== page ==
Governor Reeves, when he was State Treasurer, acknowledged that the legislature holds the power of the purse. At that time he was Chairman of the board of the Mississippi Health Care Trust Fund (MHCTF). He argued that the Partnership for a Healthy Mississippi could not spend a portion of the tobacco litigation settlement monies without legislative appropriation. Our Supreme Court agreed with Tate. It said, “… we note the obvious. The legislature holds the purse strings…the control of the purse strings of government is a legislative function; indeed, it is the supreme legislative prerogative, indispensable to the independence and integrity of the Legislature, and not to be surrendered or abridged, save by the Constitution itself, without disturbing the balance of the system and endangering the liberties of the people. The right of the legislature to control the public treasury, to determine the sources from which the public revenues shall be derived and the objects upon which they shall be expended, to dictate the time, the manner, and the means both of their collection and disbursement is firmly and inexpugnably established in our political system.” Colbert v. State, 86 Miss. 769, 39 So. 65, 66 (1905).
I want to highlight a few of those comments:
- we note the obvious, the legislature holds the purse strings
- it is the supreme legislative prerogative
- it cannot be surrendered
- it is firmly and inexpugnably established in our political system.
Regardless, any reading of these statutes that lets the governor spend money without legislative appropriation would be unconstitutional. Unconstitutional acts don’t become constitutional through repetition.
In 2006 Tate Reeves defended those liberties when he advocated that only the peoples’ legislative representatives can appropriate taxpayer money. He was right to defend those liberties in 2006. We intend to protect those liberties in 2020 and always.
The Governor says by letting him spend the money he can get it where it needs to go more quickly. That makes for a good sound bite, but what voice does the average citizen have in that decision making process? Who speaks for the citizen in that process? Where is the opportunity for the citizen to have any say in the ultimate decision? There is none.
Under our system of government there is only one place, one voice for the citizen in how THEIR tax dollars are spent. That is the legislature.
Throughout this pandemic, we have heard from Mississippians and agencies regarding their losses and needs. The actions we take today will ensure that ALL Mississippians – not just a select few – will have a voice in how these funds are spent.
We want to get the money out as quickly as possible, too. In moving toward that goal, we have:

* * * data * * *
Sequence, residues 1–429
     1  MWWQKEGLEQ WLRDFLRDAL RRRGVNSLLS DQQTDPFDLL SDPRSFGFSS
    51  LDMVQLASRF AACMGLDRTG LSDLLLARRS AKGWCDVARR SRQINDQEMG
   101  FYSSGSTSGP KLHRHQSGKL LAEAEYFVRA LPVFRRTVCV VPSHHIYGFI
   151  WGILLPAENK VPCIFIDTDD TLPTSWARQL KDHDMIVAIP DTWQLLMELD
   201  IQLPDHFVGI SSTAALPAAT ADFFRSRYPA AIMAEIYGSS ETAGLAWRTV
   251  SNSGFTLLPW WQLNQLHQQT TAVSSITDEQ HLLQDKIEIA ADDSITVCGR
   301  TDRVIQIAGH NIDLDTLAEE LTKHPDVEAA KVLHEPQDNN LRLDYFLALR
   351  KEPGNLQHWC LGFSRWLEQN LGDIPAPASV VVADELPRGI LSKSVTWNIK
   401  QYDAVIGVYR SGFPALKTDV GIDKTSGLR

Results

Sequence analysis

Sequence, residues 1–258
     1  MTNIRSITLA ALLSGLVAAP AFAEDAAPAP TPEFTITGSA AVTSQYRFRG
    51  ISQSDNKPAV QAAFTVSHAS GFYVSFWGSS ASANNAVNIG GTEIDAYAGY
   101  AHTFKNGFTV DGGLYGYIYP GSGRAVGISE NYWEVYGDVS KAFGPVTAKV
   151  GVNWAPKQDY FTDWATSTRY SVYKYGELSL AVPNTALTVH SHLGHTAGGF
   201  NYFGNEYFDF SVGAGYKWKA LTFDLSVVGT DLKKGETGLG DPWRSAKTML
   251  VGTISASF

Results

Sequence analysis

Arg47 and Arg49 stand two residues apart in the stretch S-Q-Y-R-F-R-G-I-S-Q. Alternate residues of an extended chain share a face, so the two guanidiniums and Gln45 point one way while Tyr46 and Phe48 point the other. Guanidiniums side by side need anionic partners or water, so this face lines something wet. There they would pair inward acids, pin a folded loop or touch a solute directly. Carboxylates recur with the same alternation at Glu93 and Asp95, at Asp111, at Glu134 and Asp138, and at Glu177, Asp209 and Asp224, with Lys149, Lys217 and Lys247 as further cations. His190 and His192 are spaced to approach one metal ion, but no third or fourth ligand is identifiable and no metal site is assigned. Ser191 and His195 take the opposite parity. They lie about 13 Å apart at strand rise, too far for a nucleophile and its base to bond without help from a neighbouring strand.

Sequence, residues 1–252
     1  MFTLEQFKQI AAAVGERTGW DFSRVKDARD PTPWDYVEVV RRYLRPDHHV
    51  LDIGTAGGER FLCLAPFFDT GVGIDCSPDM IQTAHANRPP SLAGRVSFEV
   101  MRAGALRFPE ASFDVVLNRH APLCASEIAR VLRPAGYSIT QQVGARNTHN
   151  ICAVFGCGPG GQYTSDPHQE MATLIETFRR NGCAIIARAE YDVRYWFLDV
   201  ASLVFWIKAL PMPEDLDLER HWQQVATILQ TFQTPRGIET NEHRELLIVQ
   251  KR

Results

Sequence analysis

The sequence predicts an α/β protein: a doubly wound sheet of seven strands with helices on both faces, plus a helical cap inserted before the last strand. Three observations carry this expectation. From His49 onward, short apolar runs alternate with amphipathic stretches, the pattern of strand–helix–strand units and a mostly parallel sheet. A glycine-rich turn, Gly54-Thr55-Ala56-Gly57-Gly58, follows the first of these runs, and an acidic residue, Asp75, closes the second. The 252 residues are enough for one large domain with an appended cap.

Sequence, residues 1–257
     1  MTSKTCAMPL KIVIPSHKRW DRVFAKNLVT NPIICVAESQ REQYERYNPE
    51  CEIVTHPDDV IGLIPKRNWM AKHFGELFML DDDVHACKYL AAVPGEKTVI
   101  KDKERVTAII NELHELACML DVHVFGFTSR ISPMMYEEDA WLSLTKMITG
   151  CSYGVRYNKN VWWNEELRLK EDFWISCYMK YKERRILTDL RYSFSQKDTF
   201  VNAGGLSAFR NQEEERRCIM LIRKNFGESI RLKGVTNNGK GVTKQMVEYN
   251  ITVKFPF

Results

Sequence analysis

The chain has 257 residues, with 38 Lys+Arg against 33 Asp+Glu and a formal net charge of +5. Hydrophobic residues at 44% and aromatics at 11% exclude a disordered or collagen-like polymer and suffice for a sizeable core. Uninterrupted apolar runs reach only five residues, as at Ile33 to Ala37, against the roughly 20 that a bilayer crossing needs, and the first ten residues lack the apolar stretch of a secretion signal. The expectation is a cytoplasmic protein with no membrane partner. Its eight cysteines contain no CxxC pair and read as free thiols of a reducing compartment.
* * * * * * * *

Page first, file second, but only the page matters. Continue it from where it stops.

- already received from agencies how much this virus has cost them.
- already received estimates from agencies how much they think it is going to cost them before by June 30
- already received and continue to receive estimates from agencies how much they think it is going to cost them to Dec. 30
- already had legal and LBO staff examine how this money can be spent
- already begun to put together teams to formulate plans to:
- help small businesses
- help cities and towns
- help counties
- help restart our economy
- address the distance learning problems that have been exposed through this crisis like lack of computers and internet service
- help small businesses
The Governor has claimed that some emergency may arise where he needs money to act quickly to address a need. Some have claimed that the legislative process is too slow or cumbersome to respond quickly to the needs during an emergency. Well, even if that is true, it does not justify throwing the constitution in the trash can and ignoring the rights of the citizens to have a voice in their government. This is the type of mentality that says the government knows better than you what is good for you. But if it is true, I am willing to appropriate some of this money to the Governor’s office to use for that purpose. All he has to do is let us know what he needs to address such situations, and I am willing to work to give him the money he needs to do that, so that no need goes unmet. So this argument
or concern has no merit in this case.
We hold Governor Reeves in high personal regard. What we do today is not personal. We still pledge to work with the Governor to meet the needs of ALL Mississippians. We look forward to working with him to provide prompt relief to the people suffering from coronavirus in a way that preserves their voice in government. We can do both.
Representative government is not perfect. It is often messy. But it must not be abandoned, even – especially – in time of emergency. That is why we take the actions we take today.